Landscape architecture degree
Welcome to the Department of Landscape Architecture
The Department of Landscape Architecture at Harvard is home to the oldest and most distinguished academic program in landscape architecture in the world. Since its founding in 1900, it has played a singular role in the development of landscape architecture as a profession, an academic discipline, and as a medium of design that engages urbanism, environmentalism, and culture. Its mission is to advance research and innovative design practices in the natural and built environments, as they intersect with processes of urbanization. Candidates in the Master in Landscape Architecture (MLA) Program work with an internationally recognized faculty, and explore the multiple ways that landscapes positively contribute to the complexities of the contemporary city, to a more equitable distribution of ecological and environmental resources, and to the creation of better futures across all regions of the world.
As the challenges of the built environment rarely correspond to traditional disciplinary boundaries, coursework in the MLA Program spans the depth and breadth of the field and enjoys strong pedagogical connections to urban planning, urban design, and architecture. MLA candidates enjoy access to and engagement with the extra-Departmental assets of the Graduate School of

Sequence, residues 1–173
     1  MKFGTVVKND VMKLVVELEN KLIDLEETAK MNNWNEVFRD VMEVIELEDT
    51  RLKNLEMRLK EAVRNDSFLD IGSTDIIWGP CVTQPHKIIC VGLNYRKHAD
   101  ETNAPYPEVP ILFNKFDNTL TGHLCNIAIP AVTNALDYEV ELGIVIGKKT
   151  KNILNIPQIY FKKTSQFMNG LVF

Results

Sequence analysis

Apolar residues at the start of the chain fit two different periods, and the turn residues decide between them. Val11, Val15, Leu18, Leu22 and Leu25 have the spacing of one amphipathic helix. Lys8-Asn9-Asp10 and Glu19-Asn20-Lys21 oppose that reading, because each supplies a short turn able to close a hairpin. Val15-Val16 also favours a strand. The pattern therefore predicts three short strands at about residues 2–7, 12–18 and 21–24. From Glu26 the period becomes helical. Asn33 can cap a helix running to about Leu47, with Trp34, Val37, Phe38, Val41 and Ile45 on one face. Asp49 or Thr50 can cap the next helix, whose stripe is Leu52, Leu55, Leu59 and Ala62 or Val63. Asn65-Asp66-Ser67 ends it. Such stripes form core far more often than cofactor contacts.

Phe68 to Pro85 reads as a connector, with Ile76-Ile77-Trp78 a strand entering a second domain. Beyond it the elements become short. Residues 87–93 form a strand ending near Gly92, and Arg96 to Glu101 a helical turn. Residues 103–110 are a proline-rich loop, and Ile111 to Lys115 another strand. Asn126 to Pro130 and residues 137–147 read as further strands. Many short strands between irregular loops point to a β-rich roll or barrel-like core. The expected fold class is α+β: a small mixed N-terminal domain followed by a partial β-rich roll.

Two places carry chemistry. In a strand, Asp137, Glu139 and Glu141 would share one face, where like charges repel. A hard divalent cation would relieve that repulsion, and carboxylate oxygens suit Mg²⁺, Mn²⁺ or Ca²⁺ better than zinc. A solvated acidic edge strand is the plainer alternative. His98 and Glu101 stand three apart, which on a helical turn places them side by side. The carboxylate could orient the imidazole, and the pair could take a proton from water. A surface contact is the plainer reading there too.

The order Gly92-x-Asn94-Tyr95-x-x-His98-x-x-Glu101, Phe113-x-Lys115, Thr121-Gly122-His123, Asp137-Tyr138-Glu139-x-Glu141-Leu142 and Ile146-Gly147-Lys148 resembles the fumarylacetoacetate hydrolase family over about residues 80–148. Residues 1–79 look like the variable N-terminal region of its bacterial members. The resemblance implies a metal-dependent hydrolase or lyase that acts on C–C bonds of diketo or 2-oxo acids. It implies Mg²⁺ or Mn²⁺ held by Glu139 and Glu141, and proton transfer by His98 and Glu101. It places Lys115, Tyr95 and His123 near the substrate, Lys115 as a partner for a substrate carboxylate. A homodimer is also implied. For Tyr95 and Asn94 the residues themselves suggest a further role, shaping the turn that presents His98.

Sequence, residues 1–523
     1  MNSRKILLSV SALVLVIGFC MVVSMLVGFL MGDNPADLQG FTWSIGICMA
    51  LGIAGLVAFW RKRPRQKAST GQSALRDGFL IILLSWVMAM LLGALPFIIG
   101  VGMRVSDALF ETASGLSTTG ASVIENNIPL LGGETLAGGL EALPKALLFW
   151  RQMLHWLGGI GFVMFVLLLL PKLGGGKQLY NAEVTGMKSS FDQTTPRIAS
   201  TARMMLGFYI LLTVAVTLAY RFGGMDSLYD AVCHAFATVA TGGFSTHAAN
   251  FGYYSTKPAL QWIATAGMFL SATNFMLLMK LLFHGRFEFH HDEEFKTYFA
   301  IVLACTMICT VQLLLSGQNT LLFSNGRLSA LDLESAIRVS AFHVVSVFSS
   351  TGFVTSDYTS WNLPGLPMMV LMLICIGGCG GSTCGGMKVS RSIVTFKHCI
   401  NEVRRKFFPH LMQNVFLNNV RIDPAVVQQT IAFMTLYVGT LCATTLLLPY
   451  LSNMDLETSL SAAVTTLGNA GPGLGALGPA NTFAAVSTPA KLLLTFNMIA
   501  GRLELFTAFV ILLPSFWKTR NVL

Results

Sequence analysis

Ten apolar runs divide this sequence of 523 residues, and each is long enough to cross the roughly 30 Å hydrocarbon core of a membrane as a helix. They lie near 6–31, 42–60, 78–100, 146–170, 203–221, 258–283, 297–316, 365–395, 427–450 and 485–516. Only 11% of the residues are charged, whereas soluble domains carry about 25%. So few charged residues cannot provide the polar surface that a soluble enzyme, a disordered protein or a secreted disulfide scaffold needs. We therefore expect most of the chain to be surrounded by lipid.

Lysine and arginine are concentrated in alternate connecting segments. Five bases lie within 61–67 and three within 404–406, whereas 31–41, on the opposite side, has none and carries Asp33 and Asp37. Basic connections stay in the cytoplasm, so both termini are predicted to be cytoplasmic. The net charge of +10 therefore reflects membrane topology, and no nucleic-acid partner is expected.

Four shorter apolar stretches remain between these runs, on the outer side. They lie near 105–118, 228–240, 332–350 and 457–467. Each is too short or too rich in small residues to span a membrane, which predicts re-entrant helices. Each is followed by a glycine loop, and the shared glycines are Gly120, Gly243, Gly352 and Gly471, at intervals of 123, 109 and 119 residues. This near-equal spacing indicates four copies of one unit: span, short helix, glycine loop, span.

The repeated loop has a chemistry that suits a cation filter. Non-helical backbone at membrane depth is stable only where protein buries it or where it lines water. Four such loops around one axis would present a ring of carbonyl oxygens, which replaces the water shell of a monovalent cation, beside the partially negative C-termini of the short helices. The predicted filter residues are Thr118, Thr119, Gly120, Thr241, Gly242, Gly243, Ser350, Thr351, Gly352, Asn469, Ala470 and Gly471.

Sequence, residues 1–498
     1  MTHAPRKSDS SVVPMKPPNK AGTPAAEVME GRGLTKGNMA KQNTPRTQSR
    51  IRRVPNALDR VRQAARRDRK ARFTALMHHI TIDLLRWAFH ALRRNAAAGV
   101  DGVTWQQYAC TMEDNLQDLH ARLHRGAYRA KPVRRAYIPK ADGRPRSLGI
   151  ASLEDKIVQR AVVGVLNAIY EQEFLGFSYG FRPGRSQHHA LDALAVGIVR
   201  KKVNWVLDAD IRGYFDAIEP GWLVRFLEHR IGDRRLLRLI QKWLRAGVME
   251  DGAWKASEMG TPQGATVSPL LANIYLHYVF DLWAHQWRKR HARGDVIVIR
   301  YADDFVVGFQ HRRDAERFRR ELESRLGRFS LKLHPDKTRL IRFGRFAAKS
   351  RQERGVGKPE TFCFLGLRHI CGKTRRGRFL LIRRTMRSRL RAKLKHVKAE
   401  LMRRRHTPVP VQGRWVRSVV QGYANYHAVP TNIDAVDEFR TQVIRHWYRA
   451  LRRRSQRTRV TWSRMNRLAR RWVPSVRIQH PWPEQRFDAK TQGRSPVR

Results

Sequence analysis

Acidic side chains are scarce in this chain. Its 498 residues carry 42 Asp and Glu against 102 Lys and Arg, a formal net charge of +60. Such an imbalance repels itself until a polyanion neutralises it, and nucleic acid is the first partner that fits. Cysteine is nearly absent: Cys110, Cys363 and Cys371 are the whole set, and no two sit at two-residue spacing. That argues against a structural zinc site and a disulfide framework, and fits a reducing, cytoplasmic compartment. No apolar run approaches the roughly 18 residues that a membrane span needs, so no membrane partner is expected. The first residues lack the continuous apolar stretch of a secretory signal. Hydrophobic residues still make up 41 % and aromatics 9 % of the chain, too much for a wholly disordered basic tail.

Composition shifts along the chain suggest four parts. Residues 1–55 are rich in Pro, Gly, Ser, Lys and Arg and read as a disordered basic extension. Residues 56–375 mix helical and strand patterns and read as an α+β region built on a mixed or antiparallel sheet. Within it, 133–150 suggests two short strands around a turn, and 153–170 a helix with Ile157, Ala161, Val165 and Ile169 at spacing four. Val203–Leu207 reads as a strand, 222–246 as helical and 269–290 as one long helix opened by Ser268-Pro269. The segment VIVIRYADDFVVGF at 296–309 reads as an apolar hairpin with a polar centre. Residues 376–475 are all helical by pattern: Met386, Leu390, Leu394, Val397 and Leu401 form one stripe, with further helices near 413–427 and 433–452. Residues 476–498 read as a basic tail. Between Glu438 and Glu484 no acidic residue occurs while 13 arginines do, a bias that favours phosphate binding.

Design including a robust calendar of lectures, exhibitions, and events attendant to current design culture across disciplines as well as the Advanced Studies Programs, the Aga Khan Program, the Joint Center for Housing Studies, and the Loeb Fellowship. MLA candidates benefit from proximity to events and discussions in cognate disciplines across campus in the history of art and architecture, ecology, engineering, environment, and the arts. The Department's coursework and culture are leavened by a range of institutional assets and resources unique in the discipline including the Harvard Forest, the Arnold Arboretum, the Harvard Center for the Environment, and Dumbarton Oaks.
Landscape architecture today enjoys greater cultural relevance, public visibility, and potential for professional leadership than at any time in recent history. The Department has been among the most significant centers in the world for the production and dissemination of landscape knowledge. The Department aspires to be the preeminent venue for the education of landscape architects as they are increasingly called upon as design professionals uniquely capable of representing and responding to the challenges found at the intersection of design culture, urbanization and environment.
Charles Waldheim. John E. Irving Professor of Landscape Architecture & Chair of the Department of Landscape Architecture